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Six Workouts You'll See At The 2018 NFL Combine
With several new coaches recently announced, the Seattle Seahawks' football staff heads to Indianapolis, Indiana this week for the 2018 NFL Combine, the League’s annual pre-draft assessment held at Lucas Oil Stadium.
At the home of the Colts, Seattle's coaches and player personnel department will spend time evaluating 326 of college football’s top professional prospects ahead of the 2018 NFL Draft, which runs April 26-28 at AT&T Stadium in Arlington, Texas. Throughout the next week, the Seahawks and representatives from the NFL's 31 other clubs will look on as athletes participate in a series of off-the-field examinations and on-the-field workouts.
On-field combine drills begin Friday, March 2 with offensive linemen, special teamers, and running backs. The event continues Saturday, March 3 with quarterbacks, receivers, and tight ends and rolls on with defensive linemen and linebackers on Sunday, March 4, wrapping up with defensive backs on Monday, March 5. The action will be televised starting at 6 a.m. PT each day on NFL Network.
In case you're unfamiliar with how the on-field portion of the combine works, or just need a refresher, its measurable drills include the 40-yard dash, bench press, vertical jump, broad jump, 3 cone drill, and shuttle run. Before this year’s combine gets underway, we thought it would be worthwhile to take a closer look at what each specific workout is testing for, with all drill descriptions coming from NFL.com.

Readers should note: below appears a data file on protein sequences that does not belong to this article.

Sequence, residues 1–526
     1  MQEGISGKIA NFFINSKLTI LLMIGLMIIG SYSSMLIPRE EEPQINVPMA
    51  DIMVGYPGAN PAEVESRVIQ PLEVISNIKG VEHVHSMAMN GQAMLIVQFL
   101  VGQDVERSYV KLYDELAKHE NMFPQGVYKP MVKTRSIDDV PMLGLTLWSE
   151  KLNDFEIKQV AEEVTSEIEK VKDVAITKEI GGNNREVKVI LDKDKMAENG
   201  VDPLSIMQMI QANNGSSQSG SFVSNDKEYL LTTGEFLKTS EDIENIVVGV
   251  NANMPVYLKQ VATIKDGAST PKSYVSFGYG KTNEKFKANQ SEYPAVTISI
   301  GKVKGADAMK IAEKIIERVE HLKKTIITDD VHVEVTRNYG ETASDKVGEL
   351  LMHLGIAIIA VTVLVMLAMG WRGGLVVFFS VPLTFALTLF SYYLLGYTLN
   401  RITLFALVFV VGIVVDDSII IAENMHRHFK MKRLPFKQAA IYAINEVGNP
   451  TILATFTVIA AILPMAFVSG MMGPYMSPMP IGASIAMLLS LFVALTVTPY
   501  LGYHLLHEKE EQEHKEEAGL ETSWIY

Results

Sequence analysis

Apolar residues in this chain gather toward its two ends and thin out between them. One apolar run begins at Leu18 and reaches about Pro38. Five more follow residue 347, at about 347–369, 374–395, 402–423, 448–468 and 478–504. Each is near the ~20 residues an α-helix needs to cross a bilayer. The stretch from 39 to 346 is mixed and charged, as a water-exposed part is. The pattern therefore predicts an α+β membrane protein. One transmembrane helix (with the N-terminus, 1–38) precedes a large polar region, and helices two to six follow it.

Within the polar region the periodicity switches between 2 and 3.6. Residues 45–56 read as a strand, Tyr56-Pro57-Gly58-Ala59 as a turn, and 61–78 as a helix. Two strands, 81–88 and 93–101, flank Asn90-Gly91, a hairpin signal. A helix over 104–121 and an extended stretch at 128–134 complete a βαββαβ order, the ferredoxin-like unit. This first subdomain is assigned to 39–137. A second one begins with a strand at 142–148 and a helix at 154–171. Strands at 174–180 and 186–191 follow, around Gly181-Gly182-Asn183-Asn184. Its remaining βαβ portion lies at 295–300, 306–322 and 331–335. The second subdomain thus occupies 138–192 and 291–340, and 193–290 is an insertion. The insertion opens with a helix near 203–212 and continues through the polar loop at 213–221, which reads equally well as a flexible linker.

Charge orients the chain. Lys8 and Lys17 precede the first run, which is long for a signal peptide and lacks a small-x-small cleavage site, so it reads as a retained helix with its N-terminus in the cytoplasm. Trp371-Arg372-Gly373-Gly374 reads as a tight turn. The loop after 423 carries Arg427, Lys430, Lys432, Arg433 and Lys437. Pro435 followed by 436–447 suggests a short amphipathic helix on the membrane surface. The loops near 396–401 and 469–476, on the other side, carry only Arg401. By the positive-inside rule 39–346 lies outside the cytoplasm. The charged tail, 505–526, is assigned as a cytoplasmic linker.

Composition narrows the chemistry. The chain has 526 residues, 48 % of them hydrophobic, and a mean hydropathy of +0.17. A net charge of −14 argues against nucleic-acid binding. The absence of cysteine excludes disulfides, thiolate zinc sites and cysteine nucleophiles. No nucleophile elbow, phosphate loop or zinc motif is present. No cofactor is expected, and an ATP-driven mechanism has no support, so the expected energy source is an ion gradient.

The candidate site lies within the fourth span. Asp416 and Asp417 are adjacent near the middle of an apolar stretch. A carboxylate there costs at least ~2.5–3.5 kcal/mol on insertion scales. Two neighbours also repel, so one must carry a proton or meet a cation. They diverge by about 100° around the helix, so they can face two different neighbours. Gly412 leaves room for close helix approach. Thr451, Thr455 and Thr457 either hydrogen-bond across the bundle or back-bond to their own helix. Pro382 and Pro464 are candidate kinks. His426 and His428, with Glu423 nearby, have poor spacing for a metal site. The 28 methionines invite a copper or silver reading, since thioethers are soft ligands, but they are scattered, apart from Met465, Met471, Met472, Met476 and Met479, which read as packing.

The 40-yard dash is the marquee event at the combine. It's kind of like the 100-meters at the Olympics: It's all about speed, explosion and watching skilled athletes run great times. These athletes are timed at 10, 20 and 40-yard intervals. What the scouts are looking for is an explosion from a static start.
The bench press is a test of strength -- 225 pounds, as many reps as the athlete can get. What the NFL scouts are also looking for is endurance. Anybody can do a max one time, but what the bench press tells the pro scouts is how often the athlete frequented his college weight room for the last 3-5 years.
The vertical jump is all about lower-body explosion and power. The athlete stands flat-footed and they measure his reach. It is important to accurately measure the reach, because the differential between the reach and the flag the athlete touches is his vertical jump measurement.
The broad jump is like being in gym class back in junior high school. Basically, it is testing an athlete's lower-body explosion and lower-body strength. The athlete starts out with a stance balanced and then he explodes out as far as he can. It tests explosion and balance, because he has to land without moving.
The short shuttle is the first of the cone drills. It is known as the 5-10-5. What it tests is the athlete's lateral quickness and explosion in short areas. The athlete starts in the three-point stance, explodes out 5 yards to his right, touches the line, goes back 10 yards to his left, left hand touches the line, pivot, and he turns 5 more yards and finishes.
3 Cone Drill
The 3 cone drill tests an athlete's ability to change directions at a high speed. Three cones in an L-shape. He starts from the starting line, goes 5 yards to the first cone and back. Then, he turns, runs around the second cone, runs a weave around the third cone, which is the high point of the L, changes directions, comes back around that second cone and finishes. Read